Ericsson and Telia have successfully trialled a new feature that can improve smartphone battery life and lower latency in 5G standalone networks.
The pair worked with Qualcomm to test Radio Resource Control (RRC Inactive), a feature that essentially creates a new inactive state for smartphones, reducing the amount of signalling required as the device transitions from one state to another – states being ‘idle’ or ‘standby’ or ‘ready,’ for example – and thereby reducing both power consumption and time lag.
The companies basically demonstrated a successful transition between a device’s connected state and the inactive state, without the device falling back to its idle state.
They reported a “significant” reduction in both latency and battery consumption, which, they note, are both crucial requirements for many Internet of Things (IoT) and 5G use cases, such as critical control of remote devices, enhanced mobile broadband, and smart transport. As always, when latency is at play, there’s also a more immediate benefit for gamers, particularly when you’re talking cloud gaming with fast multi-player interactions.
Transitioning to the new inactive state reduced access latency by as much as three times during the test, they said.
The trial was carried out using Telia’s commercial 5G network and Ericsson’s software and 5G standalone network nodes; the test device was powered by Qualcomm’s Snapdragon X60 Modem-RF System.
Providing further colour on the impact on battery life, the companies explained that the shorter latency makes it possible to reduce the device’s inactivity timer – the function that switches it off when it hasn’t been used for a short while – and thereby generate battery savings of up to 30% for the modem. Even though the screen and the electronics that go with it are the most power-hungry elements of a mobile device, implementing the RRC Inactive feature will still result in longer battery life for a 5G smartphone, they said…without quantifying the gain.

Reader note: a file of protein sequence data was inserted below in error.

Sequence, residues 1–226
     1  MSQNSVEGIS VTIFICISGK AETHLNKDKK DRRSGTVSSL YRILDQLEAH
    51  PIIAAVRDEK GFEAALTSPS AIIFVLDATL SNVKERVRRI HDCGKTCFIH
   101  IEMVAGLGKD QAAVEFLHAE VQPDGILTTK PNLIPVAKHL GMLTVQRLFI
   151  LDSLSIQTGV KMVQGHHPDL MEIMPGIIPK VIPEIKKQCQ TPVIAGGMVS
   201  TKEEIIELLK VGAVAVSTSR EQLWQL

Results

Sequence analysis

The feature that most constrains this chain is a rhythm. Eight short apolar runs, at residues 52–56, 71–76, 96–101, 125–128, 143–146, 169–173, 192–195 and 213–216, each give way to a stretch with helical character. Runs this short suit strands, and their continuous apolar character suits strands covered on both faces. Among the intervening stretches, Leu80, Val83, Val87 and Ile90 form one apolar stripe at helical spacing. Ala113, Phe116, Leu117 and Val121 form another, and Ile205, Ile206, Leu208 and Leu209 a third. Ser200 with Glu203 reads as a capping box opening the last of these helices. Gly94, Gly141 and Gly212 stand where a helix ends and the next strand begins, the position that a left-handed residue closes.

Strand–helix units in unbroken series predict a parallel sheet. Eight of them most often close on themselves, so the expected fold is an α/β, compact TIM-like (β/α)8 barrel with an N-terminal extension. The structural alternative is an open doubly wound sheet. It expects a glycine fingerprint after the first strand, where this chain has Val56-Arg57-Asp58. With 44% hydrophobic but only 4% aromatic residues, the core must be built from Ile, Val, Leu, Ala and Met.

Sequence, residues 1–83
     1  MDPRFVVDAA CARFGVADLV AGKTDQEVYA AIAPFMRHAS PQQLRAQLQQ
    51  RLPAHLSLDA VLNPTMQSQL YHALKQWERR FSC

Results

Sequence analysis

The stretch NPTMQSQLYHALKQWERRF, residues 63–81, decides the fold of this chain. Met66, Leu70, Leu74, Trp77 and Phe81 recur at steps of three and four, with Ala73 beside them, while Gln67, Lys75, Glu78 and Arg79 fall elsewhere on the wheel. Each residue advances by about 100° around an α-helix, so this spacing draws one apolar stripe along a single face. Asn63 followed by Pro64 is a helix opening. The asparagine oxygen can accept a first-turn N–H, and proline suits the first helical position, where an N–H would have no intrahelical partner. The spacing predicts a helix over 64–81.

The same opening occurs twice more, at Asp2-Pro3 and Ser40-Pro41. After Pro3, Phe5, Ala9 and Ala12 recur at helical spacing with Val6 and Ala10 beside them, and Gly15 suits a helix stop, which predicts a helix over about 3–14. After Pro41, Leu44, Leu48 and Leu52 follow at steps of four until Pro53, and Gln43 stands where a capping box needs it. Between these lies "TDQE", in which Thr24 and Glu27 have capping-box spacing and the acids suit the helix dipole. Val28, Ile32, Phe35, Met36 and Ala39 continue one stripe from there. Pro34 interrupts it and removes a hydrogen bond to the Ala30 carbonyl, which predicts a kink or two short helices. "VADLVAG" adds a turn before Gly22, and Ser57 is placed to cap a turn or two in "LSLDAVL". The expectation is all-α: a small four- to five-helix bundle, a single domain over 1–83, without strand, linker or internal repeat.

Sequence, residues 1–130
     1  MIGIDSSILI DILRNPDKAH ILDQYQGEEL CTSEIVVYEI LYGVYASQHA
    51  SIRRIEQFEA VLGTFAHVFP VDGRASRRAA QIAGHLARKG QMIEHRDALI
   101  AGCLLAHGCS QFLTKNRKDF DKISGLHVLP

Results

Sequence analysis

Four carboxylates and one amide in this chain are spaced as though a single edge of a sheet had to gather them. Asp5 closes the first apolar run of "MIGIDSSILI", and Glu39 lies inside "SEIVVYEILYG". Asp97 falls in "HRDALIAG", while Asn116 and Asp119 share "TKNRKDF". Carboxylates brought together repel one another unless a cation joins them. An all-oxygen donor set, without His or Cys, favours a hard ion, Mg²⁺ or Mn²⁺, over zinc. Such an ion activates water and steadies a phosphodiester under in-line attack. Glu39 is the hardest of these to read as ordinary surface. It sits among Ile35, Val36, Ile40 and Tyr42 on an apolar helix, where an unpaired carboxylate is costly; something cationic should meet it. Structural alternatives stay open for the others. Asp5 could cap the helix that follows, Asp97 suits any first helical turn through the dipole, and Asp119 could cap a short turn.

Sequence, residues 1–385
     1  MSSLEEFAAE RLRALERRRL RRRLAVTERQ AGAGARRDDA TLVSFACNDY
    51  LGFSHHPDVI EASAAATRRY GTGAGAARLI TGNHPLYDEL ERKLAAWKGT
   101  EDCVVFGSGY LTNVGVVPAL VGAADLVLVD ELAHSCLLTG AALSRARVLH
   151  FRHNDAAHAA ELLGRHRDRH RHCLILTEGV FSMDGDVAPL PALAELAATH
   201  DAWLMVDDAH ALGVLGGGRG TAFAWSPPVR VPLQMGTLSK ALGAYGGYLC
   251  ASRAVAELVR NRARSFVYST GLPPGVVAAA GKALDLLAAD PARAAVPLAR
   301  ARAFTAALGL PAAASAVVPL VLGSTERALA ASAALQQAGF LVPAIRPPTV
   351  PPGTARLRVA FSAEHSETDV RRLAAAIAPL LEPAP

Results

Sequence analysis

“We’re proud to jointly with Telia and Qualcomm Technologies demonstrate a world-first innovative solution that will provide a significant boost in 5G benefits for a better mobile experience,” said Jenny Lindqvist, Head of Ericsson Northern and Central Europe. “This is already a huge milestone in taking 5G technology to the next level, and Radio Resource Control will continue to play a critical role for 5G networks for years to come.”
Meanwhile, Telia Company’s CTO Stefan Jäverbring described the breakthrough as “fundamental in making more efficient use of mobile network resources and meeting critical requirements with effective solutions.”
It certainly seems that the improved latency could make a difference for some use cases. It’s difficult to make a call on the impact of better battery life, since it’s not clear just how much difference it would make for a standard smartphone. But as an add-on benefit, longer battery life is always going to be a good thing.